Most of us, myself included, have a tendency to have our thoughts, beliefs, world values, etc. compartmentalized. Thus came the expression we think in a box. For the past three weeks I have been in training at the YWCA as a volunteer in the domestic and sexual assault division there. To say that this has been intense, volatile, and eye-opening would be an understatement because it has been that and so much more. It has been a healing experience as I have had many thoughts, experiences and feelings validated through this training as the experts have come and talked to us about why victims stay, the judicial system and victims, and who are victims of sexual assault and domestic violence. We had a visit to the ER of the local hospital where we will volunteer for a tour, a discussion about our role as a hospital advocate and that of the forensic nurse and what they have experienced during the course of their careers.
Myths have been shattered, new facts have been brought to light and anyone with a preconceived notion of what domestic violence and sexual assault were all about no longer have them. We started 20 strong and after three weeks we are 12 strong (11 women and one man ranging from 18 to 60+ and racially, socially and economically diverse). This is not for the weak at heart, or for the great crusaders of the world because we find that you can't save everyone and might not save anyone at all. You can't hold on to all that you used to hold to as truth and be of service to those you might come in contact with; and if you have issues with race, sexual orientation, or economic status this is not the place for you because you service everyone who is in need of service. They do not discriminate on any level other than not being able to assist the abusers of the victims they are there to help.
We don't think like we used you, process information like we used to or even talk to each other like we used to. We push for more details, deeper understandings and sometimes justice for the victims past, present and future. We want to stand face to face with the legislatures and ask them what they were thinking, if they were thinking when they passed these laws. We know we can't save everyone so we have to settle for making a difference to one person at a time even if it's just to hold their hand, give them a shoulder to cry on or be a voice on the other end of the crisis hot line telling them what their options are but not knowing if they are at the point when they can or will break away. We hope that they will realize that they are not alone and that although we may not understand everything they are going through we are there.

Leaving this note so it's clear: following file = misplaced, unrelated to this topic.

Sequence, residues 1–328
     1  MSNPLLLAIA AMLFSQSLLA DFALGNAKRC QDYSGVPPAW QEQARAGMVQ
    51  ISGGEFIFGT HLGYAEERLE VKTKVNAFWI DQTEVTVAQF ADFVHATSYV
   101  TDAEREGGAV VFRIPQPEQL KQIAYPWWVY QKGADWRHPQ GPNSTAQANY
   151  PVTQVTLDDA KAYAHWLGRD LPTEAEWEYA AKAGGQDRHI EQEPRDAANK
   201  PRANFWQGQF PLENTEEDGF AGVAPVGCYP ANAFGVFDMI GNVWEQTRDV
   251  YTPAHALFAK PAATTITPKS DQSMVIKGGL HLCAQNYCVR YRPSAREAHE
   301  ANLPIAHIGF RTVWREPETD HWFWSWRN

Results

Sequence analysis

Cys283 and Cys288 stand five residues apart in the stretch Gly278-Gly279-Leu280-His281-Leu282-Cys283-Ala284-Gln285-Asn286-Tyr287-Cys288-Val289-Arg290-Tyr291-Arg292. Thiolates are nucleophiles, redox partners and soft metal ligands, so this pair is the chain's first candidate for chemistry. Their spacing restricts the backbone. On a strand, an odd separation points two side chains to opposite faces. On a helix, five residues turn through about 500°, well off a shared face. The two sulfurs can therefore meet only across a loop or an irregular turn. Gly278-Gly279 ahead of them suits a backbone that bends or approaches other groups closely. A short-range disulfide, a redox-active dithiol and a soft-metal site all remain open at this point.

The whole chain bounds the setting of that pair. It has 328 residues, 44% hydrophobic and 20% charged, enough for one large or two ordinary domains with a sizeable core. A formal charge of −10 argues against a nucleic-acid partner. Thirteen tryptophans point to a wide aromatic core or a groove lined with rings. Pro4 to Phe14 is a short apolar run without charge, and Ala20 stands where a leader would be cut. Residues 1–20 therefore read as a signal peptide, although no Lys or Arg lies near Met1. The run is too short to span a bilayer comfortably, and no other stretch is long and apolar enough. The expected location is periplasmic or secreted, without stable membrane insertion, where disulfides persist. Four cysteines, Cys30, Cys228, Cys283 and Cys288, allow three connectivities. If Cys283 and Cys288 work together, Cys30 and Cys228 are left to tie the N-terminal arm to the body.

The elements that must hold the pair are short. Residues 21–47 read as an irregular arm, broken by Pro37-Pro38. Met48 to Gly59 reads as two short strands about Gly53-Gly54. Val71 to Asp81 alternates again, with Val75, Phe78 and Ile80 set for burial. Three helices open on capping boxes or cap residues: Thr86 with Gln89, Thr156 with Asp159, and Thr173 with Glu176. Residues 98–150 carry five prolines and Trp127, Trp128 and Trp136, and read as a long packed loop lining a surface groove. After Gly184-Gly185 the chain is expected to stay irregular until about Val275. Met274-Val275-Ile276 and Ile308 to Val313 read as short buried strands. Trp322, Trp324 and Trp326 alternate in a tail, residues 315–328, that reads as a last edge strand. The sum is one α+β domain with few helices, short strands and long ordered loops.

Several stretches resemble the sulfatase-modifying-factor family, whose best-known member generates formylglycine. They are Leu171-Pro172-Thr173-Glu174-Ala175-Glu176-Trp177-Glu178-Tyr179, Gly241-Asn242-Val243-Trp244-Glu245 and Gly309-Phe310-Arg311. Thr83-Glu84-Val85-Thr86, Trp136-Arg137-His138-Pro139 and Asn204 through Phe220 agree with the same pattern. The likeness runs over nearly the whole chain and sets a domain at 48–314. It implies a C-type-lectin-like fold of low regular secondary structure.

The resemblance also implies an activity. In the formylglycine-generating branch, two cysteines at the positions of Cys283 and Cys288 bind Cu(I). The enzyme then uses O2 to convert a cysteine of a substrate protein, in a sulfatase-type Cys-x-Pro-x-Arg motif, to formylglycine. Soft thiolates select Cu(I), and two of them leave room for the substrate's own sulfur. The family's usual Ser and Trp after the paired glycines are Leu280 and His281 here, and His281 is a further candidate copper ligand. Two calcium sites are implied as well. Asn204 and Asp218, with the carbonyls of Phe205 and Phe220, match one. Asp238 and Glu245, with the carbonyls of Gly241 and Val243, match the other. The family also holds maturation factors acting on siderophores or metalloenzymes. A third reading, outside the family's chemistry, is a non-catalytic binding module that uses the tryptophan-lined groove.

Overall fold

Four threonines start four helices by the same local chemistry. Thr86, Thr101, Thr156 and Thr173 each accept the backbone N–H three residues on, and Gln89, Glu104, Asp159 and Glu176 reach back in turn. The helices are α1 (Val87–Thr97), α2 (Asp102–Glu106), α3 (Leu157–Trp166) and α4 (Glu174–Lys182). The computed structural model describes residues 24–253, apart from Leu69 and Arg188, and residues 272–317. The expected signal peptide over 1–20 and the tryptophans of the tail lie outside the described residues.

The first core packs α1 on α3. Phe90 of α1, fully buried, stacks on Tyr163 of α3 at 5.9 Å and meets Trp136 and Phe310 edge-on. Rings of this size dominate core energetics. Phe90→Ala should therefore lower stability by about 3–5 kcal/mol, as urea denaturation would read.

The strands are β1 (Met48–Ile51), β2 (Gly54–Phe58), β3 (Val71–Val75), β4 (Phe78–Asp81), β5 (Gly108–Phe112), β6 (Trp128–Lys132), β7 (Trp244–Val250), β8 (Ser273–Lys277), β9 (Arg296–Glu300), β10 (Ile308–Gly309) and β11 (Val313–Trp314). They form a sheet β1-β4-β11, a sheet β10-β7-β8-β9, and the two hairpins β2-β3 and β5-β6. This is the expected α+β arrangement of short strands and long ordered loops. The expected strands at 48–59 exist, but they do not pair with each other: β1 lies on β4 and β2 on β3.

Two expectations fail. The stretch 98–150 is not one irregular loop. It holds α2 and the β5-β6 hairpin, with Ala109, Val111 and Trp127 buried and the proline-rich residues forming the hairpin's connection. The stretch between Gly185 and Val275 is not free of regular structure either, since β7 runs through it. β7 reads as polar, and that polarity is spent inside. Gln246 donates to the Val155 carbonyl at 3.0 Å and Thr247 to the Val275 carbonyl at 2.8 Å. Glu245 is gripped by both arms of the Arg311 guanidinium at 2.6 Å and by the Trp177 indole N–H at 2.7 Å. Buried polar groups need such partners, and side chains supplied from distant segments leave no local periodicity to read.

We have learned that it takes a team to get the job done. There is no little "i" or big "u" in the organization. It is everyone coming together to do their part to make the difference.
It has been amazing to watch my mind open up to new ways of thinking and processing the information and getting to that "ah ha" moment before the instructor has brought us full circle. I love how she pushes us to "marinate, massage and chew" on the information before we speak about it. We let it soak in and it becomes personal. If you weren't passionate when you began, somewhere along the line you crossed over and I dare you to start spewing those myths around us because we might bite your head off in an effort to stifle your ignorance. Knowledge is power and they have given us so much knowledge, more than I had at any one time in the entire time I've been dealing with my own issues in the domestic violence arena.
We have 18 hours of training left and then we will be off to our respective areas of volunteering but the bonds we have formed will continue to grow as we reach out to each other to share our experiences, trade off shifts, pass along information and at times decompress with one another to help us digest what we have done during our time as a volunteer.
We have become circles allowing the information to flow freely without barriers and we are loving it. At least I know that I am.